Another quarter down, another net worth update. And what an update it turns out to be – the title say it all, I guess! Rarely have I enjoyed putting the numbers together like I have this time, so let’s take quick look at the increase in assets I’ve enjoyed since the end of 2016.
Over the past couple of months I’ve noticed that my enthusiasm for financial independence has been waning in favour of other hobbies and activities. On the one hand, I feel that’s a bummer since I like to keep on top of things in our community, but on the other hand it feels relatively liberating for lack of a better word.
My declining interest stems from the fact that I’m unworried about the fact that I’ll reach my financial freedom goal sometime in the future. I’m certain that there’s a future version of myself out there that’s enjoying life without a financial worry in the world, even more so than is the case now. And of course, I grow even more relaxed and laid-back with every passing month if the numbers stay good.
Did I say good? I meant excellent!
Compared to the end of 2016 my portfolio grew by a staggering 12,132 Euros, almost twice the amount of the previous quarter! As usual, I’ve kept my income high and expenses low to achieve that number, but what many call the “Trump bump” and all-round improving economic prospects definitely helped too.
Q1 growth landed at a whopping 12.14%, which is one of the biggest quartely increases I’ve experienced so far. What’s more impressive in my mind is the fact that it happened right when I was about to cross the magical 100,000 marker that everyone raves about. The often heard phrase “when you reach 100k, it’ll really start to snowball” seems to be true so far!
Dividend growth stocks
As you all know, most of my savings are socked away in dividend growth stocks. Based on historical performance and corporate policies these type of stocks promise increasing cash payments year-after-year with a relatively high amount of certainty. The progressive nature of dividend stocks boost the compounding effect that investors love so much even more.
Indeed, companies that stick to a progressive dividend policy go out of their way to pay you a higher piece of the profits every single year (internal compounding). You can then re-invest those increasing dividends to buy even more shares, thus effectively doubling the compound effect (external compounding).
Of course, dividend re-investment isn’t nearly enough to get a sizeable portfolio off the ground in the beginning. That’s why I continue to add my monthly savings to the pile. This way I was able to purchase even more shares of Belgian brewer AB Inbev (EBR:ABI) and Anglo-Dutch consumer goods giant Unilever plc (LON:ULVR) than I already owned.
You can find the gains in absolute and relative numbers for each company in the table below. The cost basis for each position includes the price of the shares, a 0.27% stock market tax and brokerage fees.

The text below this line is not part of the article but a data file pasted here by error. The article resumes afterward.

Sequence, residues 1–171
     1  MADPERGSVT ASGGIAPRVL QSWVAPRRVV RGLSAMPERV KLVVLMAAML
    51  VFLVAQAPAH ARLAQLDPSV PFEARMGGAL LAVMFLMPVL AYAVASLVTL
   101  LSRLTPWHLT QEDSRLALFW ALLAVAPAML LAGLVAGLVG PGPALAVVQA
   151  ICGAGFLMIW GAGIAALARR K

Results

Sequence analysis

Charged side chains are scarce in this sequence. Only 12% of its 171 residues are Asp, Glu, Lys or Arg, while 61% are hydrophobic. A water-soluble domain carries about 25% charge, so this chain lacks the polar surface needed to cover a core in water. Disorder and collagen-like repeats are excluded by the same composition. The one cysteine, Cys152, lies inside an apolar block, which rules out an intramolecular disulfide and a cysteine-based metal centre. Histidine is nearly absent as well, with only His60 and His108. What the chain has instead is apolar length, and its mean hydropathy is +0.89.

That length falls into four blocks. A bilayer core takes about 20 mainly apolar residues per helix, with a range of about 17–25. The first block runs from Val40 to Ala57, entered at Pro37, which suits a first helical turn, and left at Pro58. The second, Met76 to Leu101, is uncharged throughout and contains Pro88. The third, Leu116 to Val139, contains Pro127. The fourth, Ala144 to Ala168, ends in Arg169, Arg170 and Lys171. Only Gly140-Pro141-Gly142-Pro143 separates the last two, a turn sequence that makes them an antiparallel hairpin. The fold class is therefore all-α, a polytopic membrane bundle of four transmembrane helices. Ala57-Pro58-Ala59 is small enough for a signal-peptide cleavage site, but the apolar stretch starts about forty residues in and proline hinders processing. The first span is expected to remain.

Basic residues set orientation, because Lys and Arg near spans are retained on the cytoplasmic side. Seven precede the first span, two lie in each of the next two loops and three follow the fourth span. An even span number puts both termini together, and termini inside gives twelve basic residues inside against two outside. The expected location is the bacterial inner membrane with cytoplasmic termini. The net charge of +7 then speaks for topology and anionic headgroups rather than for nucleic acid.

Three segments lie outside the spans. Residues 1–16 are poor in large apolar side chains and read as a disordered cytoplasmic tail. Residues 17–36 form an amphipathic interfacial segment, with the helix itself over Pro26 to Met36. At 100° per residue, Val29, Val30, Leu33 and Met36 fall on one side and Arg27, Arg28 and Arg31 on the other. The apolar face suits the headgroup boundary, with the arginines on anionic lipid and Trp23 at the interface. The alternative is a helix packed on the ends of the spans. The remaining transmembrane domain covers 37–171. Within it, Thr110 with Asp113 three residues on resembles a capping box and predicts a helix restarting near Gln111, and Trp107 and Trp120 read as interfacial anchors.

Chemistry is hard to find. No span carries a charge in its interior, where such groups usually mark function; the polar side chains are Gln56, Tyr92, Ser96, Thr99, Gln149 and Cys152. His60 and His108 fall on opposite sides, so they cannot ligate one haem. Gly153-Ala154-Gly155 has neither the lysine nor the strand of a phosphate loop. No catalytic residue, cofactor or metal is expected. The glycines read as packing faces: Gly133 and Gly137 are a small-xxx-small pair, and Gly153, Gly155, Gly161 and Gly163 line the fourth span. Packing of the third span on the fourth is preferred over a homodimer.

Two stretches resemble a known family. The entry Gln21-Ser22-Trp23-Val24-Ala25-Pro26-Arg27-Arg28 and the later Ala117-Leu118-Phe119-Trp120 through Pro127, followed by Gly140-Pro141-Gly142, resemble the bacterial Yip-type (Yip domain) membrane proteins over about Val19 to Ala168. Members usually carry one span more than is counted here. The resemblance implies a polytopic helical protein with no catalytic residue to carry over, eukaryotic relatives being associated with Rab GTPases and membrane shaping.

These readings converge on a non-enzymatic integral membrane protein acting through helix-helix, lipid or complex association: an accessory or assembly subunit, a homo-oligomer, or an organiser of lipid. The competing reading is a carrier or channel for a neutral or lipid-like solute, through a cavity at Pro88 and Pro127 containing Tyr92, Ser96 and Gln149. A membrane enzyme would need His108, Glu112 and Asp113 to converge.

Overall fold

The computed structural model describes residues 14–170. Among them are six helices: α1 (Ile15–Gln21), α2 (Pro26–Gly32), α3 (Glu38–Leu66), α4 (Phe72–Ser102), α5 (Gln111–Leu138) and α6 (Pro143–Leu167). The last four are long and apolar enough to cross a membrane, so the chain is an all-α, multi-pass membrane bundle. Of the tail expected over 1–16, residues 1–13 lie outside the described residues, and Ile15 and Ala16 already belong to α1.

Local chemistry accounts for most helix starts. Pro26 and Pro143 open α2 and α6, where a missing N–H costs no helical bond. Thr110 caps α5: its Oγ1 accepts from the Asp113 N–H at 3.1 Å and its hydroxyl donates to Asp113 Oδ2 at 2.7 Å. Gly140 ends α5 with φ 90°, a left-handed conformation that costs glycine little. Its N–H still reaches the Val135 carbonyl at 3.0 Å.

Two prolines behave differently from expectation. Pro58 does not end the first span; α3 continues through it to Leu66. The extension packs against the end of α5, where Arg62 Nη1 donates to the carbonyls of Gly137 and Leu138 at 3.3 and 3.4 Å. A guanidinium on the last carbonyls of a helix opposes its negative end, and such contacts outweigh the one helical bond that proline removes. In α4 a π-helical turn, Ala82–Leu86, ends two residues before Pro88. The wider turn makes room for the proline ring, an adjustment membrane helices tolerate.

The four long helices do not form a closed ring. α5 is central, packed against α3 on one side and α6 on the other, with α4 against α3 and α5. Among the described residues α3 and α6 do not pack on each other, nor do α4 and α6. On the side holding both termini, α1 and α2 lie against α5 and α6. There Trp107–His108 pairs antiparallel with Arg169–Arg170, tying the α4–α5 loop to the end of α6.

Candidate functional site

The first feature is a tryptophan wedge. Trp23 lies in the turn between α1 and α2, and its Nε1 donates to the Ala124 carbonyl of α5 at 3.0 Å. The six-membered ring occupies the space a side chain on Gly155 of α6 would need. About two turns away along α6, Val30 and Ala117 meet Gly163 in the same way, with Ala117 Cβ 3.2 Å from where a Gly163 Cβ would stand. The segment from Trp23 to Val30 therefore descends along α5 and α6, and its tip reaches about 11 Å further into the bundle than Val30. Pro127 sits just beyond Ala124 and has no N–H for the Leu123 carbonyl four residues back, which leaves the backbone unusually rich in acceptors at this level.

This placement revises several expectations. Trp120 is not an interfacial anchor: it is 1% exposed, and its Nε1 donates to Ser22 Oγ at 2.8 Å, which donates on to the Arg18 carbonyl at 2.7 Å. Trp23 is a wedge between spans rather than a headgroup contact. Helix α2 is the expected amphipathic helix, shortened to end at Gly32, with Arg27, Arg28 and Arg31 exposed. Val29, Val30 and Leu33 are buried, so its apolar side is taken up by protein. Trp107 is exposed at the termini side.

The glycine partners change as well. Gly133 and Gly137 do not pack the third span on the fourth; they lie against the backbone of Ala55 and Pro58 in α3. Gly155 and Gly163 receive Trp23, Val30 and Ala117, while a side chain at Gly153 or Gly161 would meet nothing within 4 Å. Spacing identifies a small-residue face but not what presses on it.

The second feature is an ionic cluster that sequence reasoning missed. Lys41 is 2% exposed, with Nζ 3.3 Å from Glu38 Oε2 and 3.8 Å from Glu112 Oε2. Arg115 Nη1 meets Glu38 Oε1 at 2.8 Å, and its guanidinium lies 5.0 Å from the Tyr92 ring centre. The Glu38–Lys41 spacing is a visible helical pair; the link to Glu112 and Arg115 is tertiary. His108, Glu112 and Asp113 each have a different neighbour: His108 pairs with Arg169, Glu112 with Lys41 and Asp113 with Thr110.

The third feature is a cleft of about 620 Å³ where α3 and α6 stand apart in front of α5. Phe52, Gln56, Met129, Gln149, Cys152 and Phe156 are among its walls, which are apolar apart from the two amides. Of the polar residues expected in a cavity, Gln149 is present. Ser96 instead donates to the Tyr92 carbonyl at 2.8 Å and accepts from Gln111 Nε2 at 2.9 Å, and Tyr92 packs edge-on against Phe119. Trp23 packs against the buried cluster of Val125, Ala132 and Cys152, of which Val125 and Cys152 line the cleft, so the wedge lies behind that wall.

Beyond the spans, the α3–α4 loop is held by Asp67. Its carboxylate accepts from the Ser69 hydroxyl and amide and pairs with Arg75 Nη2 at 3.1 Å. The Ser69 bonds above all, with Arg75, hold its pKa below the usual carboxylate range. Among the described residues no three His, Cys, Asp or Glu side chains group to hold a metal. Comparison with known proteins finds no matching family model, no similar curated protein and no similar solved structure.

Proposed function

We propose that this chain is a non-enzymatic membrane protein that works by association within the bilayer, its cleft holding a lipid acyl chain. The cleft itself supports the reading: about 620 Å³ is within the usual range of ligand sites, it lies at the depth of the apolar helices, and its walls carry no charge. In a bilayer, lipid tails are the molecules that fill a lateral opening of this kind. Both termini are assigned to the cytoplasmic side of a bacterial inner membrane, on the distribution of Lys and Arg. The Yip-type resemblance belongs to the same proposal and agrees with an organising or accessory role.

|Ticker||Company||Shares||Cost basis||Mkt. value||Gain|
|BLT||BHP Billiton plc||110||1,908.56||1,635.78||-14.29%|
|DE||Deere & Company||7||452.61||711.73||+57.25%|
|HOME||Home Invest Belgium||45||4,099.42||4,361.85||+6.40%|
|JNJ||Johnson & Johnson||20||1,769.41||2,353.43||+33.01%|
|NG||National Grid plc||300||3,816.01||3,667.93||-3.88%|
|PG||Procter & Gamble||23||1,594.66||1,949.44||+22.25%|
|RB||Reckitt Benckiser plc||10||630.34||871.28||+38.22%|
|ROG||Roche Holding AG||10||2,2388.60||2,406.21||+0.74%|
|RDSB||Royal Dutch Shell||110||2,956.64||2,880.90||-2.56%|
|S32||South 32 Ltd.||48||20.04||97.33||+385.67%|
|KO||The Coca Cola Company||17||540.05||684.84||+26.81%|
|VZ||Verizon Communications Inc.||20||785.07||915.46||+16.61%|
Besides equities I also have some other investments, one of which is a tax-advantaged pension fund and another one that basically is a savings account. The pension fund continues to receive automtic payments to hit the €940 upper limit for 2017, while any excess cash goes towards the savings account and the emergency fund.
|Name||Cost basis||Current value||Gain|
|Pension fund||3,045.00||3,308.19||+8.64% and 30% tax break|
To be honest, all I can say here is “let’s keep this train rolling”! When I found out about financial independence in 2014 and really started dabbling in it, I couldn’t have imagined things going so smoothly as they have gone for me. I’ve discovered that I can’t have everything I want, but I can have anything I want if I put my back into it.
That feelings offers me endless peace of mind, as I previously said.
Naturally, the future can’t be predicted and stock markets have a mind of their own, but by focussing on the variables within our own locus of control we can achieve great things. I believe this is not just a mindset with regards to financial goals, but one that can benefit us in almost all areas of life.
The grass may look greener on the other side, but don’t let that keep you from kicking your own butt into gear and working towards a better future for yourself and the people around you. Drop the complain game, reach out to the great people in our community and focus on what makes you happy. You’ll become a better person for it.
Thank you for reading and for your support.